John Gottfried: [00:00:13] Major League Hacking started in, I believe August 2013. I founded it with Mike Swift, who is our CEO. And we both kind of found ourselves and made our career as out of hacker communities. I was working as a developer evangelist at Twilio. Swift was working as a developer evangelist at SendGrid. And you know a huge part of our lives, socially and professionally, was building these technical communities — especially with students. And so we quit our jobs at some point to join — to start MLH. And really our mission from the beginning has been to help students learn technology in a novel way by creating community around it on campus. And, you know we’ve grown quite a bit since those early days.
Hannah Nyren: [00:01:05] So in a couple of sentences, can you boil down what it is that you do?
John Gottfried: [00:01:10] So we call ourselves the official student hackathon league. And honestly that’s what most students know us for. We support about 250 university and high school hackathons with about 75,000 participants every single year. Those events take place all across North America and Europe. So it’s becoming a pretty ubiquitous part of, you know, the lives of many C.S. students and people in other disciplines who are really interested in technology. But beyond that we also do more kind of structured education in the form of our MLH local host program which gives students curriculum and activities to teach to their fellow students, so it’s peer learning. And then we also run conferences for people who build technical communities on campus. So everything is focused around tech education and learning. But most people know us for our hackathons.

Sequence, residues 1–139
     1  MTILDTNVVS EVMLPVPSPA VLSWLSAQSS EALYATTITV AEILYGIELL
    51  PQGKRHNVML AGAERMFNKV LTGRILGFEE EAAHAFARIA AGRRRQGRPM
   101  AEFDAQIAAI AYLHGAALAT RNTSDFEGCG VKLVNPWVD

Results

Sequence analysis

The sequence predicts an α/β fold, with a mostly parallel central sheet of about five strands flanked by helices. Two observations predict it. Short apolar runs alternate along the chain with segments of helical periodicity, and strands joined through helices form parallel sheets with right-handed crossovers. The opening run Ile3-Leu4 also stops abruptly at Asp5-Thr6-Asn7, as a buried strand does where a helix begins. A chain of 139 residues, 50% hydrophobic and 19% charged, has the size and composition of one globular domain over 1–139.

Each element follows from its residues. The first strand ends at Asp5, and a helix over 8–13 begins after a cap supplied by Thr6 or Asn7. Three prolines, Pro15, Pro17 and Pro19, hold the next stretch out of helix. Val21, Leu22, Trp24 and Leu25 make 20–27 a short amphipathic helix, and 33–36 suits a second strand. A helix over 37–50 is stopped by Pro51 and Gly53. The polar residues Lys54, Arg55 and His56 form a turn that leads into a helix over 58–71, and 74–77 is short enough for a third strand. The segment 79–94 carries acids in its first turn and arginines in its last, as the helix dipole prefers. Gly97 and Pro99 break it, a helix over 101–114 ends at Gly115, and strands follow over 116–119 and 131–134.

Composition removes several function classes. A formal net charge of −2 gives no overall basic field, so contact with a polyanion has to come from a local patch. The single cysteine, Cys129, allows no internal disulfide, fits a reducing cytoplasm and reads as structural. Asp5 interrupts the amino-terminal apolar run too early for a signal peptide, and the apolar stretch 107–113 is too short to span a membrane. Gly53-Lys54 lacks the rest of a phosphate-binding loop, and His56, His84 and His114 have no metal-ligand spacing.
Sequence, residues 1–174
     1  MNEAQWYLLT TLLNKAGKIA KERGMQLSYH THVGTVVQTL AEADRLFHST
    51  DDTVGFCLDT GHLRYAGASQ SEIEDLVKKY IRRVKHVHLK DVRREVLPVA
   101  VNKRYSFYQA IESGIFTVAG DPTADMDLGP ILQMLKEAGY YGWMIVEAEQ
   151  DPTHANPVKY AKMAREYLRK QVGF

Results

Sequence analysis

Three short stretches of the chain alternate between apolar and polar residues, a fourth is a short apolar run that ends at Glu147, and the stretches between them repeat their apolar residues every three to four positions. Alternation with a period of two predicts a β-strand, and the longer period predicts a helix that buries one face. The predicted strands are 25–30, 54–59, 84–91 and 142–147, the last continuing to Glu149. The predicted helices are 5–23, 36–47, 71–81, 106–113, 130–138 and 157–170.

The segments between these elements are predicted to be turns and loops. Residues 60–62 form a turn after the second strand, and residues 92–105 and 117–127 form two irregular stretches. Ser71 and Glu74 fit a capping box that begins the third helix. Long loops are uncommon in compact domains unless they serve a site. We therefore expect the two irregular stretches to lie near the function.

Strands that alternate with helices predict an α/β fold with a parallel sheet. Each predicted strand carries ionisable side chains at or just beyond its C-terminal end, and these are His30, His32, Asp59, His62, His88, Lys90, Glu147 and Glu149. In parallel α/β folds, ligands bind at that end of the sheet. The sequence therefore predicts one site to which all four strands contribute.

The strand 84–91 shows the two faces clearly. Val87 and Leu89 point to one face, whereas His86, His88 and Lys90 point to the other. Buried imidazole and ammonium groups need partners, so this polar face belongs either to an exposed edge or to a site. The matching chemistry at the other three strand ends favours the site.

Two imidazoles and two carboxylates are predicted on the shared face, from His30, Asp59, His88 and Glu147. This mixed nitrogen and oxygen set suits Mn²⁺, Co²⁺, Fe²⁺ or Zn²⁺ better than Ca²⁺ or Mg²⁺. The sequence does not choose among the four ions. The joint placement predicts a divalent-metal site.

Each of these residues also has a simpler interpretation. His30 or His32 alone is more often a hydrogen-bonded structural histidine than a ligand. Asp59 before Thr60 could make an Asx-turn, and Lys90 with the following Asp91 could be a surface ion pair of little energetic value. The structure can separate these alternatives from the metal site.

Hannah Nyren: [00:02:04] So uhh, where have you done hackathons, so far?